Cambridge University student Alana Cutland, 19, fell from the light aircraft after carrying out research in the remote area of Anjajavy on July 25, despite desperate efforts from others on board to keep her inside the plane.
Her body has not yet been recovered.
Ms Cutland's uncle said she had became sick during her time in Madagascar, possibly due to prescription medication.
"She had taken ill after being there for a few days and when she spoke to her mother on the phone two days before the accident she was mumbling and sounded pretty incoherent," Lester Riley, the brother of Ms Cutland's mother Alison, told the Mail Online.
"We think she had suffered a severe reaction to some drugs but not anti-malaria ones because she had taken those on her trip last year to China without any side effects."
The plane's pilot said Ms Cutland had a headache when she boarded and stayed silent during the flight.
"But for the whole time Alana did not say a word - she just struggled to get away from us," Mahefa Tahina Rantoanina told The Sun.
"I have no idea why she opened the door but she did. She opened the door and she jumped. The door did not open itself."
Police photographs recreating Ms Cutland's final moments appear to show the pilot and the second passenger grasping hold of the victim's leg as she hangs out of the plane.
Ms Cutland eventually fell to her death after a tense struggle to free herself.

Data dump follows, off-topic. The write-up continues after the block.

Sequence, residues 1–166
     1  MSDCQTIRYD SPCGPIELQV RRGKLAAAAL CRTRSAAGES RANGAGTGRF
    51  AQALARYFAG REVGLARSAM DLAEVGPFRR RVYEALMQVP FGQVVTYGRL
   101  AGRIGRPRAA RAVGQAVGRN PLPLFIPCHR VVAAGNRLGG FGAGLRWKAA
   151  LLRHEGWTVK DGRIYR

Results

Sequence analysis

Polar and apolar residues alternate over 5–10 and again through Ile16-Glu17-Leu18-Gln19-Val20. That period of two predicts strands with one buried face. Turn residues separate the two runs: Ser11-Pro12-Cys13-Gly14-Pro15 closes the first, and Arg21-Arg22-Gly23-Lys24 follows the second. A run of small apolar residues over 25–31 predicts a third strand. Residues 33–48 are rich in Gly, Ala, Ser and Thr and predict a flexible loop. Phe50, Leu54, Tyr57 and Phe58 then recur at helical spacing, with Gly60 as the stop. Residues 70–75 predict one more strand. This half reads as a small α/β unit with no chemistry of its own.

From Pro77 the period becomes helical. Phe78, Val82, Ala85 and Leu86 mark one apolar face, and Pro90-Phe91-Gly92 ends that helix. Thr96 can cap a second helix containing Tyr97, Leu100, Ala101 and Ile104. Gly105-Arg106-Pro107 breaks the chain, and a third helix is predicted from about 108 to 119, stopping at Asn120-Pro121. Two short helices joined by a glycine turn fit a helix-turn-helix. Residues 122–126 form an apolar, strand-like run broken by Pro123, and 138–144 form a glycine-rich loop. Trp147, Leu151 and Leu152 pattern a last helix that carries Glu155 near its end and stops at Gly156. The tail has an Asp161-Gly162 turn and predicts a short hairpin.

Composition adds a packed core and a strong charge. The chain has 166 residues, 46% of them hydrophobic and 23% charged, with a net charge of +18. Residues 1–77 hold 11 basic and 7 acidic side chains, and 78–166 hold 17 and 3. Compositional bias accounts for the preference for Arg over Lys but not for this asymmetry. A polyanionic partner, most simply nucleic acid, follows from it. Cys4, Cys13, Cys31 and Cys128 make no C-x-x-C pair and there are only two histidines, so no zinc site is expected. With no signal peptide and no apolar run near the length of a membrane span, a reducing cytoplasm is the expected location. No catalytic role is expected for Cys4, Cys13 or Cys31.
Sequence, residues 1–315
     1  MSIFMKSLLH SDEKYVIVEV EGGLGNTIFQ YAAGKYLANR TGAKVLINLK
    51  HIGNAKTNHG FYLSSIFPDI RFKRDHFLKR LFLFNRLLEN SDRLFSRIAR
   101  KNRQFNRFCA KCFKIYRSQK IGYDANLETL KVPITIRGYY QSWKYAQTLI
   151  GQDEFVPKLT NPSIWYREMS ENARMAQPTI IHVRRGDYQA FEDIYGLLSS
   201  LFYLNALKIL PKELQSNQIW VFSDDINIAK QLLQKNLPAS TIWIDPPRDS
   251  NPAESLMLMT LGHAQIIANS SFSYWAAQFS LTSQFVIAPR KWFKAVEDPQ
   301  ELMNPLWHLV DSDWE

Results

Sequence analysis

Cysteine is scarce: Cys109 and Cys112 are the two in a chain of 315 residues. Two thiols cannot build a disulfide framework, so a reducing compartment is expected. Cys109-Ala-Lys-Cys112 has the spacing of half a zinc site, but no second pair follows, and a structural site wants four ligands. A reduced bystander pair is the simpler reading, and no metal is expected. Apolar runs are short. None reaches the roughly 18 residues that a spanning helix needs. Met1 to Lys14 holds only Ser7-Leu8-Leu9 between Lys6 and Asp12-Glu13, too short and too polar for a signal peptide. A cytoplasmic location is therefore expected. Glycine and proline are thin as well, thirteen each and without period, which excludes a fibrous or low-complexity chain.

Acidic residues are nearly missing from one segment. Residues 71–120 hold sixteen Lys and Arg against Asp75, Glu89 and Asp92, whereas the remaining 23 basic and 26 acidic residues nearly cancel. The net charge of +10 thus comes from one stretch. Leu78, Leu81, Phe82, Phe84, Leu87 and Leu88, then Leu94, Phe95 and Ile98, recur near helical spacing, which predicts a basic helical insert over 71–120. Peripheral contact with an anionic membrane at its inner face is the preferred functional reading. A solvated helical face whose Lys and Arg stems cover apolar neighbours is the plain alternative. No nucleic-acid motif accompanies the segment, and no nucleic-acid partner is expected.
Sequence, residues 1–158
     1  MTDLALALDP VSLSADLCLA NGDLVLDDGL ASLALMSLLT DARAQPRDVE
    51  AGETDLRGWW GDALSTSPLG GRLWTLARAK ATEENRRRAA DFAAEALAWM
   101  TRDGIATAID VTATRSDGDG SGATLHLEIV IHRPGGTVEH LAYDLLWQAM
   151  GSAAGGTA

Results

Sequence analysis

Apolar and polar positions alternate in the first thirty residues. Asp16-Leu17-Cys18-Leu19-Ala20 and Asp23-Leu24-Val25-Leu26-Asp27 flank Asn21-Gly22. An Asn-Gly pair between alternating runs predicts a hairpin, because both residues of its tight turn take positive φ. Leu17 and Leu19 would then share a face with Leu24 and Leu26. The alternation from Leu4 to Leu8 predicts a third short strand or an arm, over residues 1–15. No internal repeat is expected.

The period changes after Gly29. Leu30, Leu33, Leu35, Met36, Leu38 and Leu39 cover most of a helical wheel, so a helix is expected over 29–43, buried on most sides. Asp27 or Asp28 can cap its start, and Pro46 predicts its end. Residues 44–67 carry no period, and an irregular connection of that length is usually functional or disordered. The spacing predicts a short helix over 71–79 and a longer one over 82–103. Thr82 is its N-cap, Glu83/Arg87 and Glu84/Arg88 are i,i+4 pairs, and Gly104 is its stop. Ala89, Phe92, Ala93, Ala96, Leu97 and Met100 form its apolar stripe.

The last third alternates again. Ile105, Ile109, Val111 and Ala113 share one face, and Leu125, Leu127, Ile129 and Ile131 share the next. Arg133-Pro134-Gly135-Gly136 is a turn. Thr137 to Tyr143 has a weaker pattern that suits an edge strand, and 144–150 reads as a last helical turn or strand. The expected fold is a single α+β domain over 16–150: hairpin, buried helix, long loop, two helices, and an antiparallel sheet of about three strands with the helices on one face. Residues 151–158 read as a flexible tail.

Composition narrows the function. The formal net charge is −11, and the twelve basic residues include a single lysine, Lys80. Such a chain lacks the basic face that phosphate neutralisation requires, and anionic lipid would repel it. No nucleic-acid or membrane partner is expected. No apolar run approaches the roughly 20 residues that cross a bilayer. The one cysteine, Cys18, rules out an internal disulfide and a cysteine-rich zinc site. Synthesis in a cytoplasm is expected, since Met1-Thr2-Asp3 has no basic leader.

"The Cessna C168 aircraft was taking off from Anjajavy with three people aboard, including (passenger Ruth) Johnson, Alana and the pilot," local police chief Sinola Nomenjahary told The Sun.
"After 10 minutes of flight, Alana undid her seatbelt and unlocked the right door of the plane and tried to get out.
"Ms Johnson fought for five minutes trying to hold her, but when she was exhausted and out of breath she let go.
"Alana then intentionally fell from an aircraft at 1,130 metres above sea level.
"She dropped into a zone which is full of with carnivorous fossa (a cat-like, mammal endemic to Madagascar)."
It was reported Ms Cutland, from Milton Keynes, suffered "paranoia attacks" while on the research trip to the island, off the east coast of Africa.
Police said she was in regular contact with her parents and was making her way home via the island's main airport.
Family members said the second-year student "grasped every opportunity that was offered to her with enthusiasm and a sense of adventure" and was in Madagascar to complement her studies in natural sciences.
In a statement released through the Foreign Office, her family paid tribute saying: "Our daughter Alana was a bright, independent young woman, who was loved and admired by all those that knew her.
"Alana grasped every opportunity that was offered to her with enthusiasm and a sense of adventure, always seeking to extend her knowledge and experience in the best ways possible.
"She was particularly excited to be embarking on the next stage of her education, on an internship in Madagascar complementing her studies in natural sciences.
"We are heartbroken at the loss of our wonderful, beautiful daughter, who lit up every room she walked in to, and made people smile just by being there."